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The President's 'Pit Bull'

Though said to be shy, the nominee is described as tenacious in her defense of Bush.

October 04, 2005|Richard A. Serrano and Scott Gold | Times Staff Writers

WASHINGTON — From the beginning of George W. Bush's presidency, his professional life has been so closely intertwined with Harriet Miers' that some White House insiders jokingly refer to her as the president's "work wife." And she was the lawyer whom Bush trusted to handle some of his most sensitive and important tasks, even before he entered the Oval Office.

Born and raised in Dallas, educated at Southern Methodist University, a star corporate litigator and deeply involved in her evangelical Christian church, Harriet Ellan Miers is a child of Texas, and her roots there seem to run parallel to those of the president who nominated her to the Supreme Court.

As governor of Texas, Bush chose her to take over a financially troubled state lottery commission. When questions arose in the 2000 presidential campaign about favoritism in the Texas Air National Guard, Bush tapped Miers to assess the dimensions of the problem.

After they left Texas for Washington following the 2000 presidential election, Miers assumed such an insider role that in 2001 it was she who handed Bush the crucial "presidential daily briefing" hinting at terrorist plots against America just a month before the Sept. 11 attacks.

And this year it was Miers who brought word to the president that Justice Sandra Day O'Connor was retiring, it was Miers who interviewed potential successors and told others they were passed over, and Miers who ended up winning the nomination herself.

Bush has called her "a pit bull in size 6 shoes." Presenting her with a legal award, he quipped that "when it comes to a cross-examination, she can fillet better than Mrs. Paul." During visits to the president's ranch near Crawford, Texas, she has been known to grab a chain saw and help clear brush.

Yet for all her skills as a lawyer and trusted aide, Miers is relatively little known outside her native Texas and the gates of the White House. A woman of few words who has been described by friends as personally shy, she has been outspoken only in her zealous defense of the president who has brought her to the pinnacle of a career in the law. Though she has been a highly successful corporate litigator in one of the leading law firms in Texas and done several turns in public service, she seems to have left few clues to her personal philosophy.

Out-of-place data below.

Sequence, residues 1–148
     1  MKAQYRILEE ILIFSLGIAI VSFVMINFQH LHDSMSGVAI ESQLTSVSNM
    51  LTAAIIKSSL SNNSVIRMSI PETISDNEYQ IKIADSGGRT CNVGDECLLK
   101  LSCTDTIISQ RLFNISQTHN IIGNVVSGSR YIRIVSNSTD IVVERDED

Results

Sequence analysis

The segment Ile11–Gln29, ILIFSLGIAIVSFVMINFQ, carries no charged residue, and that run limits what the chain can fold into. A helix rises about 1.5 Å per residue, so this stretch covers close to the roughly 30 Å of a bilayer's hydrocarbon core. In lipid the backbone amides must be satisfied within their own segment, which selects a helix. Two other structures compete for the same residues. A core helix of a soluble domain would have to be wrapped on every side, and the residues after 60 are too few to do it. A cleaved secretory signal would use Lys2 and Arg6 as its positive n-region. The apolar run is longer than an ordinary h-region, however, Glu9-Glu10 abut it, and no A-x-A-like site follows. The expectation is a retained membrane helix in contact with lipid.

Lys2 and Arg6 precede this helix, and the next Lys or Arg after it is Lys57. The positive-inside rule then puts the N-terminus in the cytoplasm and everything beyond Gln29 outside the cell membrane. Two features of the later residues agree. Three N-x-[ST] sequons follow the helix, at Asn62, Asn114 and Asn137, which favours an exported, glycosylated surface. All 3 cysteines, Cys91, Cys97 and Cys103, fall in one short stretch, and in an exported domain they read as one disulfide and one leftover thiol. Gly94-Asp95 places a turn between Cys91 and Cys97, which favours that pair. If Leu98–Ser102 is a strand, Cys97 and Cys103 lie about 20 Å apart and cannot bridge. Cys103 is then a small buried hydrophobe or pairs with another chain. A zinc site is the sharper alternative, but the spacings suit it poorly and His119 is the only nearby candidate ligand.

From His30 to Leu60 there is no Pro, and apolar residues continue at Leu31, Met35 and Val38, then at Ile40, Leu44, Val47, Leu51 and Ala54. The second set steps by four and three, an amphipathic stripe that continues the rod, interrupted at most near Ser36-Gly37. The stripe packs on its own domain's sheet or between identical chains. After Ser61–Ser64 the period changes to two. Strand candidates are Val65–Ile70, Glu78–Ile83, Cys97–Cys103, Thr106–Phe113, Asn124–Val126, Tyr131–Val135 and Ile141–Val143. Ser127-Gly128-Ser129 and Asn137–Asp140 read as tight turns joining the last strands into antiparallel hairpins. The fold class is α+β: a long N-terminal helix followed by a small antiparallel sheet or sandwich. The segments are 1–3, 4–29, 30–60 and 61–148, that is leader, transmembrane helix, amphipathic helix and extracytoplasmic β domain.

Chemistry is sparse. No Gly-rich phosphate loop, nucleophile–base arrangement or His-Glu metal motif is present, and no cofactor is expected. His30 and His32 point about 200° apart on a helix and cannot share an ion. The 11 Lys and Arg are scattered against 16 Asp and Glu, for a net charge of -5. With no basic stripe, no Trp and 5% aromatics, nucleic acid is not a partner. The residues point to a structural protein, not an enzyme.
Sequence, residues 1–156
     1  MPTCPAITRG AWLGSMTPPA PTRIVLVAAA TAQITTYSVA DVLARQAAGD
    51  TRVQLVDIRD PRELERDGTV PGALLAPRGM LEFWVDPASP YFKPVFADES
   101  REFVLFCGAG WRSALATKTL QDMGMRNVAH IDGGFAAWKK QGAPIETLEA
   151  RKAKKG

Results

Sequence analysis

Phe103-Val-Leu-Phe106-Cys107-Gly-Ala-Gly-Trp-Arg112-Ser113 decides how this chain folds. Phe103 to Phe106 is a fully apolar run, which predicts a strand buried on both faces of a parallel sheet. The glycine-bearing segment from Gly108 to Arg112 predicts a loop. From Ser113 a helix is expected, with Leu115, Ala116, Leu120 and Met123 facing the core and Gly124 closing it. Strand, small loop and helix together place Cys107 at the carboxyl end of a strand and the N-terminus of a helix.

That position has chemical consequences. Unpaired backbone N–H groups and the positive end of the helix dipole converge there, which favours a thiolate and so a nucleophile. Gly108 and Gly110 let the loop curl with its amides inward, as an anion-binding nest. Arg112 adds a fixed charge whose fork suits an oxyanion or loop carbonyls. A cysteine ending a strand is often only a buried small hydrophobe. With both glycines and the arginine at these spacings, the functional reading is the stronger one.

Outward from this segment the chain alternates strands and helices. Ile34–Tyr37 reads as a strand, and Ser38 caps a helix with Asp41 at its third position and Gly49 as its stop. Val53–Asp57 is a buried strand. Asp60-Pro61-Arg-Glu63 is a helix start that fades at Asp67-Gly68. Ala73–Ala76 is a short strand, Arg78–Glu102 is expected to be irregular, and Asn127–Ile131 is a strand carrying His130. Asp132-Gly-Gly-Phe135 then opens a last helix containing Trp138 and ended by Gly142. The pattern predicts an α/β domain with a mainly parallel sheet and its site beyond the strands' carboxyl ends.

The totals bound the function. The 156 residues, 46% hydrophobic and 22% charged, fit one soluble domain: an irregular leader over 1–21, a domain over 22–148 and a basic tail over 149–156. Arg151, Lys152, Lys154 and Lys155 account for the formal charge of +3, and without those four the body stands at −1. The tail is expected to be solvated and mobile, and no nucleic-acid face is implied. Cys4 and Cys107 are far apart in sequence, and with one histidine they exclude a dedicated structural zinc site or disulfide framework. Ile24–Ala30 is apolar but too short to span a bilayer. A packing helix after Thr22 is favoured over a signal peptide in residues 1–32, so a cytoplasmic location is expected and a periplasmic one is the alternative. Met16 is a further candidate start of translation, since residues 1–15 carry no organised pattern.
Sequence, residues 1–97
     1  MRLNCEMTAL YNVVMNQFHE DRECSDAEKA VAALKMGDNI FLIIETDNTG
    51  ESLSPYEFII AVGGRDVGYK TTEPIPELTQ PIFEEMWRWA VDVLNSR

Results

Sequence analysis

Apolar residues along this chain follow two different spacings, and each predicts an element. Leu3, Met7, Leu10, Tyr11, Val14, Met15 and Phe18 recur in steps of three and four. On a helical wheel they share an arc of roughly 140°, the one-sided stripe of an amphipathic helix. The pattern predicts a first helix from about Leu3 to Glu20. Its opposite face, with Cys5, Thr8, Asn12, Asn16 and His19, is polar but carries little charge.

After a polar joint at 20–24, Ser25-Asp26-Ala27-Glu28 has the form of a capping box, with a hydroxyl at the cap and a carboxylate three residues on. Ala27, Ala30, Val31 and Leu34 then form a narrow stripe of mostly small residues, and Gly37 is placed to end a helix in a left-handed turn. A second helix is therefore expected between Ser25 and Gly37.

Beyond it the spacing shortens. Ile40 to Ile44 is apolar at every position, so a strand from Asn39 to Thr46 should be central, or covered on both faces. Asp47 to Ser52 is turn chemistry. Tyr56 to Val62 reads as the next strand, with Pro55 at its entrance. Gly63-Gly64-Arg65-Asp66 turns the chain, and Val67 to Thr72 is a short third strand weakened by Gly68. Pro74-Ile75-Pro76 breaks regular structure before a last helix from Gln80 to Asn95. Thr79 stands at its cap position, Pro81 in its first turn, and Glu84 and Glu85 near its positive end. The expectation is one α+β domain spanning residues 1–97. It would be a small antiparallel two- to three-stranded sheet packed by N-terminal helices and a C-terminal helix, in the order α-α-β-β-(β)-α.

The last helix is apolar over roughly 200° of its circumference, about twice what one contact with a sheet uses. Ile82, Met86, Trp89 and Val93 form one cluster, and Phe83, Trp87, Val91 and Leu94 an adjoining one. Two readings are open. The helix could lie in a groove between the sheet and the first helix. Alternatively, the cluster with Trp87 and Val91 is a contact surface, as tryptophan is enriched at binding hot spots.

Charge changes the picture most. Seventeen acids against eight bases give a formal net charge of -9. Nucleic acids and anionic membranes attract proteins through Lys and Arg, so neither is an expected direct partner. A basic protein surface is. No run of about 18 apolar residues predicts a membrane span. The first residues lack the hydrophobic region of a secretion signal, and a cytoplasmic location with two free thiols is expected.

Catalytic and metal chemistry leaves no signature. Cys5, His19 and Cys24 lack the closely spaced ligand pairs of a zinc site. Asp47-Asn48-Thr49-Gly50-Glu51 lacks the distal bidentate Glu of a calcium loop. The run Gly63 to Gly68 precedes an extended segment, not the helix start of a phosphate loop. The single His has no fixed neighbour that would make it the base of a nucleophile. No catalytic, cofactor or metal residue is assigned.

That could be a formidable advantage as Miers faces the coming struggle for confirmation as successor to O'Connor. Miers' personal reticence and lack of a detailed public record may make her a difficult target for Democrats to hit.

But what is known of her life and her career indicates that she shares many of the values of the president who turned his back on his Eastern antecedents and Yale-Harvard education to embrace the culture of his adopted state.

That in turn suggests that, when it comes to forming opinions, Miers may have little in common with O'Connor, who was appointed by President Reagan and turned out to be a closet moderate who sometimes rejected conservative positions.

Miers was born in Dallas in August 1945, just less than a year before Bush. The fourth of five children, she was a blond-haired "perfect angel," as her now 93-year-old mother, Sally Miers, recalls. In high school, she won a varsity letter on the girls' tennis team but is remembered as socially awkward.

At SMU, Miers studied mathematics. For a while she saw herself becoming a doctor. When her father, Harris Miers, suffered a debilitating stroke, however, she nearly had to drop out of college, saved only when SMU offered a package of scholarships, financial aid and work-study.

By 1970, she not only had her math degree but a diploma from the law school as well.

Karrin Torgerson, a litigation partner in Dallas who later served as her White House deputy, said she knew exactly what Bush meant when he described her friend and boss as a pit bull.

"What he's trying to say is that she has always been tenacious in her representation of her client, whether that client be a firm or the president of the United States," Torgerson said.

Outside of the office, however, Miers is a "kind and charitable woman," Torgerson said, adding that this was true professionally -- she has done extensive pro bono work -- and personally -- "she never misses a birthday."

"If it means she's out at 1 a.m. looking for a gift, she will do that," Torgerson said.

In the White House, Miers routinely works 17-hour days. "She is one of those rare people who does not appear to require sleep," Torgerson said.

Miers also has had a quiet and lasting companionship with Texas Supreme Court Justice Nathan L. Hecht, who was first elected to the state's highest court for civil affairs in 1988.

Before his close friend and protegee Priscilla Owen narrowly won confirmation to the federal bench this year, Hecht and Owen were the anchors of the conservative wing of the state Supreme Court, which consists entirely of Republicans.

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